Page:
November 19th, 2008
04:29 PM GMT
LONDON, England - In the movie Wall Street, Michael Douglas preaches "greed is good." Well, we know what can happen when greed goes amok.
We're living in the aftermath of the worst financial meltdown since the Great Depression. And it's not over yet, there's more pain to come.
A lot of blame is being pointed at CEOs and bankers who helped sink us into this rat hole, and rightfully so. Now in an act of contrition, the fat cats who have made enough money to last a thousand lifetimes, are foregoing bonuses, saying it's the right thing to do.
Who are they kidding? Of course it's the right thing to do, but to call it an act of altruism would be disingenuous.
They are doing it because they know there is plenty of anger at the mess they have gotten us into and it's their way of trying to placate the public and politicians who have their sights on them. They know more oversight is coming, and they are sensitive to the political winds howling at their backs.
What is clear is the investment banking model as we know it is dead and profits will be harder to come by. Bonuses will be smaller in the future if one is still lucky enough to have a job. And most importantly, the criteria for the bonus model is changing.
UBS, one of the banks hardest hit by the credit crisis, is making important changes to how its top management gets paid. The idea is to put more emphasis on long term performance.
"As of 2009, UBS will introduce a new compensation model. Top management may receive variable cash compensation and variable equity compensation in addition to their fixed pay. A large portion of this variable compensation will be held in reserve and paid out only if the results of UBS warrant it. Otherwise, there will be neither variable cash nor equity compensation. This should bring about a cultural shift in the company. Those who are rewarded will be those who deliver good results over several years without assuming unnecessarily high risk."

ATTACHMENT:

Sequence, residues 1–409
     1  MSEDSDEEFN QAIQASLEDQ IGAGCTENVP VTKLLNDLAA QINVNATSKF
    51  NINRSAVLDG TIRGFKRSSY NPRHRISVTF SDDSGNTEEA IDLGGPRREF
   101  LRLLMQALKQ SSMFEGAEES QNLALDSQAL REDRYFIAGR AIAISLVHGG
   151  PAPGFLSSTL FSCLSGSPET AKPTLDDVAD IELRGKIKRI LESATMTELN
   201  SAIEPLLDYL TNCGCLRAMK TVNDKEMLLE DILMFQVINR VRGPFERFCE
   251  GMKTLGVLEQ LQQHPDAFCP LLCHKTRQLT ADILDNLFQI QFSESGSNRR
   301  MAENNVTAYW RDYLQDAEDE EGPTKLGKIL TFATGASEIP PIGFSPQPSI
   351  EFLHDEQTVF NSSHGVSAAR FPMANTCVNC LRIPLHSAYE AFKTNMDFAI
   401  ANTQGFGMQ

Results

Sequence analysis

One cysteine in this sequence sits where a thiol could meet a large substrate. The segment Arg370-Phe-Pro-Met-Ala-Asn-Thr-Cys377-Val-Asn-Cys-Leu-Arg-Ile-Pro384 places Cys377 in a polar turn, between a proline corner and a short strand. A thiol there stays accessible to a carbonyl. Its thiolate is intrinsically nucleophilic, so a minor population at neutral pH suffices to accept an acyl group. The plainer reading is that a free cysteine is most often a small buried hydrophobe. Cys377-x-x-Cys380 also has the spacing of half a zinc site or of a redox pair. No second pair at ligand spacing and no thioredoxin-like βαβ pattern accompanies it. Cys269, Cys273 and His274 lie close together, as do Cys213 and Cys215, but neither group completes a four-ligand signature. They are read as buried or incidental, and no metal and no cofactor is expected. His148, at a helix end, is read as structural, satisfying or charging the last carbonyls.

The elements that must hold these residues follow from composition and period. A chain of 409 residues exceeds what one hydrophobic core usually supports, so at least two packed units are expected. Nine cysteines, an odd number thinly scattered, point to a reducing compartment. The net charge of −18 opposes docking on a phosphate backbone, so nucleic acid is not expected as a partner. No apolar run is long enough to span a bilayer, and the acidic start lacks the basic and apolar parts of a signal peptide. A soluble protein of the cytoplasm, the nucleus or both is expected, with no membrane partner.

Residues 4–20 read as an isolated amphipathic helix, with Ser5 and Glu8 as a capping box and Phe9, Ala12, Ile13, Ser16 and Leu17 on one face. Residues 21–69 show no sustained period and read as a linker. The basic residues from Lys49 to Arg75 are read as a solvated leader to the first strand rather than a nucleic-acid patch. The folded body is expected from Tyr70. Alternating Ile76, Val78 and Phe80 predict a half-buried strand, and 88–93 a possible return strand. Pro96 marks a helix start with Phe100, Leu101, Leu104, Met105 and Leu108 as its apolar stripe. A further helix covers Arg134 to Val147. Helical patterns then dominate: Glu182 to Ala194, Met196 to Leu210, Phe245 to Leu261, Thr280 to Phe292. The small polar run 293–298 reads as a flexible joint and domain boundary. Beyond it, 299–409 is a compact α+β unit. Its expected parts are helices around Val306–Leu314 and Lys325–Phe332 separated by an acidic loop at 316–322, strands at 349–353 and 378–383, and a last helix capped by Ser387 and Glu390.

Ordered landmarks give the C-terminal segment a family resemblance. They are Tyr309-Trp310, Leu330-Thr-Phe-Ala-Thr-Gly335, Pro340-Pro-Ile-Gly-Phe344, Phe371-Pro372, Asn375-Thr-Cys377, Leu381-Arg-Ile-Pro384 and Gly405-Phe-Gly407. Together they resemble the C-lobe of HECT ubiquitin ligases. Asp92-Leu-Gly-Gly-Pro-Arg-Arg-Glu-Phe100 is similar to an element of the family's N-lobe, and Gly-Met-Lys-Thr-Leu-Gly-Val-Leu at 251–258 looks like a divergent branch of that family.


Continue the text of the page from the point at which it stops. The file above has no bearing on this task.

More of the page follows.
In explaining why they adopted a new compensation model, UBS stated that they felt the old model was too aligned with short-term results, without consideration for the quality or sustainability of the bank's performance, and that it did not sufficiently take into account the risks assumed.
UBS predicts their bonus plan will be followed by other banks. "I'm convinced this is essential, and the entire financial services industry will have to adjust its compensation models to the new realities," UBS's chairman was quoted as saying.
It's too late to make those responsible for this current financial mess give back their bonuses. But if the UBS model becomes the industry standard, then there might be more sobriety in banks' risk taking in the future. At the same time, shareholders have to be less focused on short-term profits which also added to the casino mentality.
The acid test will come when times get better again. We can hope lessons will have been learned, making bankers more accountable, with bonuses tied to long-term performance not just illusory short-term gains.
Tell me what you think. How should bonuses be determined?
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